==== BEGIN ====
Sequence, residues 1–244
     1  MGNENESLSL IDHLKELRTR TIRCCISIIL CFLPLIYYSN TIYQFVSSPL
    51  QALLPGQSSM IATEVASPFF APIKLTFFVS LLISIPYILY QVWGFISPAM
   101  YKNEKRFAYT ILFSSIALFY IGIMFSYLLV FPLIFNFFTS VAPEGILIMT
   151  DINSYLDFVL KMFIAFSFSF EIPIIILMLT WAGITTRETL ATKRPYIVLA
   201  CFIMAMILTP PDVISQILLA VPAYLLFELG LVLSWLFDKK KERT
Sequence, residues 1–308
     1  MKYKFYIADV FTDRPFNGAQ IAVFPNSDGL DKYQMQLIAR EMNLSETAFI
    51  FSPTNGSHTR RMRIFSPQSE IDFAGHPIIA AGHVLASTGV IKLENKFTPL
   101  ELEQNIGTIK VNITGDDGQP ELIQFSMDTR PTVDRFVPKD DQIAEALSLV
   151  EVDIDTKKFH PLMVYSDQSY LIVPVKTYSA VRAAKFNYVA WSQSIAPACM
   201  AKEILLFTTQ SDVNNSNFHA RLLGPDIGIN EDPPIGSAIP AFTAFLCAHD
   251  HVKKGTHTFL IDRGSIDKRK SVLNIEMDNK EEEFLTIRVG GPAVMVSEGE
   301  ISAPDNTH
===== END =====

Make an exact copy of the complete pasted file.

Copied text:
Sequence, residues 1–244
     1  MGNENESLSL IDHLKELRTR TIRCCISIIL CFLPLIYYSN TIYQFVSSPL
    51  QALLPGQSSM IATEVASPFF APIKLTFFVS LLISIPYILY QVWGFISPAM
   101  YKNEKRFAYT ILFSSIALFY IGIMFSYLLV FPLIFNFFTS VAPEGILIMT
   151  DINSYLDFVL KMFIAFSFSF EIPIIILMLT WAGITTRETL ATKRPYIVLA
   201  CFIMAMILTP PDVISQILLA VPAYLLFELG LVLSWLFDKK KERT
Sequence, residues 1–308
     1  MKYKFYIADV FTDRPFNGAQ IAVFPNSDGL DKYQMQLIAR EMNLSETAFI
    51  FSPTNGSHTR RMRIFSPQSE IDFAGHPIIA AGHVLASTGV IKLENKFTPL
   101  ELEQNIGTIK VNITGDDGQP ELIQFSMDTR PTVDRFVPKD DQIAEALSLV
   151  EVDIDTKKFH PLMVYSDQSY LIVPVKTYSA VRAAKFNYVA WSQSIAPACM
   201  AKEILLFTTQ SDVNNSNFHA RLLGPDIGIN EDPPIGSAIP AFTAFLCAHD
   251  HVKKGTHTFL IDRGSIDKRK SVLNIEMDNK EEEFLTIRVG GPAVMVSEGE
   301  ISAPDNTH